Do not multitask

December 25, 2020

Excerpt from "How to Take Smart Notes"

The fact that people nevertheless believe that they can get better at it (multitasking) and increase their productivity can easily be explained by two factors.

The first is the lack of control group or an objective external measurement that would provide us with the feedback we need to learn.

The second is what psychologists call the mere-exposure effect: doing something many times makes us believe we have become good at it - completely independent of our actual performance (Bornstein 1989).

We unfortunately tend to confuse familiarity with skill.

I have always known I am not a good multitasker; now I find it funny to realise no one is actually good at multitasking. Changing from one topic to another drains our energy thus making us less efficient. Having a lot of work to do is a totally different story. But those who believe they can efficiently multitask are actually doing worse than those focusing on one task at a time.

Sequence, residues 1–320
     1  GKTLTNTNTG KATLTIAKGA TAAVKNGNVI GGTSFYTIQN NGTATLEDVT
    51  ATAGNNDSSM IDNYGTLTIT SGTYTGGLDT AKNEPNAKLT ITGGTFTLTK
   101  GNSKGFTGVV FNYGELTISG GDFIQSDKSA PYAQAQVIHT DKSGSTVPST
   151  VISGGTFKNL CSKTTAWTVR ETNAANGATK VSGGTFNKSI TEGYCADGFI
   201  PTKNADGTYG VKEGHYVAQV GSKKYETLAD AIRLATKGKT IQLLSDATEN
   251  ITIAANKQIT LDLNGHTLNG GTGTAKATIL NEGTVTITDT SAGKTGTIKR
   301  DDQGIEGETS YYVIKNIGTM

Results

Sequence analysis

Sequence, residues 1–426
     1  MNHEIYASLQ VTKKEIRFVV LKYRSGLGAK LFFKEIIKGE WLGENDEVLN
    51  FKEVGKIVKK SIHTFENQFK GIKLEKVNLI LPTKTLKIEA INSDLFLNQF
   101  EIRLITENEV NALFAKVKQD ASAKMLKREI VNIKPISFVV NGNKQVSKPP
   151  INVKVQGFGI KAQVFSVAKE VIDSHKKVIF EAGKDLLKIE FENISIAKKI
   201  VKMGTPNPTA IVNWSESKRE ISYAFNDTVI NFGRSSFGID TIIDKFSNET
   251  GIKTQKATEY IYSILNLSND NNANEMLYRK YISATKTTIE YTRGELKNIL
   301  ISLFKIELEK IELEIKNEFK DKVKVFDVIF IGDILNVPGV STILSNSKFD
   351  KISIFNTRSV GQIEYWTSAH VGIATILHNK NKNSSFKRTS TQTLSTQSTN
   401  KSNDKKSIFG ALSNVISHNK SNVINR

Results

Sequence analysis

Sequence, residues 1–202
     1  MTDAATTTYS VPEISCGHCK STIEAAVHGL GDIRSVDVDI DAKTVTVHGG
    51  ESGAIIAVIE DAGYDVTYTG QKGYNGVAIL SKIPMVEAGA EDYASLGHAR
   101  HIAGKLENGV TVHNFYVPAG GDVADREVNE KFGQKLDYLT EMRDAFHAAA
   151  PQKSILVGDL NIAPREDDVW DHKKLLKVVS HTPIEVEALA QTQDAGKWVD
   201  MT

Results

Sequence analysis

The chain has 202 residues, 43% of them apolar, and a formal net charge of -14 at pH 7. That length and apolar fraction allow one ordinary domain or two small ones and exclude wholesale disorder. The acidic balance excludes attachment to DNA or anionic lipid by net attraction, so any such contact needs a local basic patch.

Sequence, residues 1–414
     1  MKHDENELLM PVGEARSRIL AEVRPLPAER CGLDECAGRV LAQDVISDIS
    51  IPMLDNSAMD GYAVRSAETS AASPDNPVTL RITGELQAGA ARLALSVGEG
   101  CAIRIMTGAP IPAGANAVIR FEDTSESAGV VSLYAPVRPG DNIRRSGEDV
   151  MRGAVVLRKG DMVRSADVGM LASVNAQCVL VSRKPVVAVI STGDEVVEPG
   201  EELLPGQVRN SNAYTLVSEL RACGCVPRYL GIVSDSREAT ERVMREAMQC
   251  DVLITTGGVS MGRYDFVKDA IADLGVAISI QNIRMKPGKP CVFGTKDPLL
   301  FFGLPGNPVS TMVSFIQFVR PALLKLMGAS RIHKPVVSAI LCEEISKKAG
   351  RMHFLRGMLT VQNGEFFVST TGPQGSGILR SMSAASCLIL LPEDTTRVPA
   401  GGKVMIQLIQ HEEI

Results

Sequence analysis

According to a widely cited study, the constant interruption of emails and text messages cuts our productivity by about 40% and makes us at least 10 IQ points dumber.

Nevertheless, as mentioned in the second point of why people fall under the false believe of becoming good at multitasking, I know I have also fallen many times to confuse familiarity with skill. How many times you've repeated a task and got the sense you were doing better at it, when in reality, you just got used to it. Perhaps you hadn't even realised until now.

* Note: it is easy to tell yourself not to fool yourself, however, how do you do it?


Written by Alberto Delgado who loves building cool stuff and learning one or two things in the process.

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